Thursday, July 8, 2010

What is needed to improve studies on Indian philosophy?

Since I have neither the authority, nor the position to influence the future of these studies, I feel free to express my opinion.
  1. We should read more (and write less). Most of what we want to say has already been said and there is no point in making the word even more crowded with useless books.
  2. We should have our works edited (or edit them ourselves). We should not expect to be able to write an in-depth study about a subject and at the same time judge whether it is clear enough for an outsider. One cannot be a master of everything and labor limae is the key of a good work. This leads to the next point:
  3. We should be clear about our purposes. Who is our target-reader? Why do we think that a further critical edition is really needed? What is the larger purpose we aim at?
  4. We should work in team(s). I might be an exception, but I feel that all important enterprises in Indian philosophy cannot be fulfilled by a single person. Working together is anti-main stream and it might be at first time-consuming, but it is more efficient and funnier.
  5. We should build networks. Be they multi-authored blogs, workshops, forums… All chances to work together have to be encouraged.
  6. If we study philosophical texts, we should focus on a philosophical understanding of them.
What do you think? Further points? Objections against these ones?


Anonymous said...

Dear Elisa, I do agree with all your points. We need to read more, much more, instead of being so essay-oriented or book-oriented: there is too much paper on the shelves and too many bytes in the laptops, and not all of them actually improve knowledge. We should try to write something when we sincerely consider it meaningful (and it takes hard work…) instead of just adding words to words. Also, we should cooperate: in truth, nobody really works alone, because all of us constantly rely on both primary and secondary literature, but ironically we avoid to contact “living” scholars and prefer to study in seclusion, methodically avoiding peer-to-peer communication.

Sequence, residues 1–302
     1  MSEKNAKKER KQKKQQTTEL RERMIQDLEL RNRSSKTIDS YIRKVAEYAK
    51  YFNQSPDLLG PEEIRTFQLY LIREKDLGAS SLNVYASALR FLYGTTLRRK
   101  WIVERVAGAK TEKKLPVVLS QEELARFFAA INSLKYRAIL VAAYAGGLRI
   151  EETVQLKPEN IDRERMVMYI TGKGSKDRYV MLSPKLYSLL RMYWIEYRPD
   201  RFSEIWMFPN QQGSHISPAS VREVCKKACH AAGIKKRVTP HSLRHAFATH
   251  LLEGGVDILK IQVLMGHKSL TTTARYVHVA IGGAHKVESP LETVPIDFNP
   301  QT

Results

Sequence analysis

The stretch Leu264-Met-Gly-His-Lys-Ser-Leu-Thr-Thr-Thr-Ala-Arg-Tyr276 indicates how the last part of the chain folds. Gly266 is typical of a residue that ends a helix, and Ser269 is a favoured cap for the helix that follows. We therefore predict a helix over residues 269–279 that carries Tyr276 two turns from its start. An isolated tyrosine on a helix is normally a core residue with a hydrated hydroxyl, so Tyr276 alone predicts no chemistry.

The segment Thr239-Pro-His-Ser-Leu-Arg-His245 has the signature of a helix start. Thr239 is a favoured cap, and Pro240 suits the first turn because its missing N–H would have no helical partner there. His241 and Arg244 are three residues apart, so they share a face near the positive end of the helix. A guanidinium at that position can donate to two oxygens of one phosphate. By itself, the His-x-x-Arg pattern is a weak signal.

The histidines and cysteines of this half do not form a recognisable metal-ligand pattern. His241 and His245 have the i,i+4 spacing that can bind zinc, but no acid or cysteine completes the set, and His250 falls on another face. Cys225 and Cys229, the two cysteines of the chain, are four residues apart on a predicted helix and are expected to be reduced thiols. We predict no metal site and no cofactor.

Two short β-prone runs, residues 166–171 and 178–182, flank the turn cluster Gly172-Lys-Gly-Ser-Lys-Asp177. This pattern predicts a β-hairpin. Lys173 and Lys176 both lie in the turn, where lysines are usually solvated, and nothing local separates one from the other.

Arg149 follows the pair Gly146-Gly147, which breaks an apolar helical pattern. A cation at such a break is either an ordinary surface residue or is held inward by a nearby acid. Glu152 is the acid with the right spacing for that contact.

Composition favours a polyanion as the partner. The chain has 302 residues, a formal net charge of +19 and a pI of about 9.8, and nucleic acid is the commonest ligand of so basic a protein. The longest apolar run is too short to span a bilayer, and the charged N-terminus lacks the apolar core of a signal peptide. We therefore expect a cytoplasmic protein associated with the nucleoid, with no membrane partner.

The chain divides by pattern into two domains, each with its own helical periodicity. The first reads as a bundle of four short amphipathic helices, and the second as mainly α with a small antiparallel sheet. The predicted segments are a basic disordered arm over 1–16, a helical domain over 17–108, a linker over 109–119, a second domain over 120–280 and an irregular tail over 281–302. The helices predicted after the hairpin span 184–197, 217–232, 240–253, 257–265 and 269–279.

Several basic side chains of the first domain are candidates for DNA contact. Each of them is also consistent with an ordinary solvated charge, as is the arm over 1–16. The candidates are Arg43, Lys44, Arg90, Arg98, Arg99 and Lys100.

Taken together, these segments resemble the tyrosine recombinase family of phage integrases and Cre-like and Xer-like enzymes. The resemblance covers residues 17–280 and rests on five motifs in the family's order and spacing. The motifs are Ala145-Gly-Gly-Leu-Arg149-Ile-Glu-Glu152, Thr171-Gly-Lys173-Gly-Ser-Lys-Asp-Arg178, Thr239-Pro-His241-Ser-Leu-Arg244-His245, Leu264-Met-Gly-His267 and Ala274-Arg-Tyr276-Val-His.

Yet, I have to admit that your suggestions are not an easy goal...we live in an academic environment where articles and books are valued for the number of pages, most scholars have temporary contracts and struggle to get (or keep) a job. We are compelled to print whatever barely comes to our minds, just to add one more line to our resume and to apply for the next available position…
To this purpose, signing a work with a colleague or with a team is not fruitful at all, not to mention that these very colleagues are those that we have to compete with for the too few positions in universities. I know that it may sound sad and depressive, but I don’t think to exaggerate…
On the other hand, we may try to trust what is good instead of what is merely profitable… it takes courage, but your proposal looks attractive…

elisa freschi said...

Yes, I agree with you. Academically speaking, my points are worthless. The answer would be bring me too far, so I'll try to dedicate a separate post on it.

elisa freschi said...

I wrote a provisional answer here:

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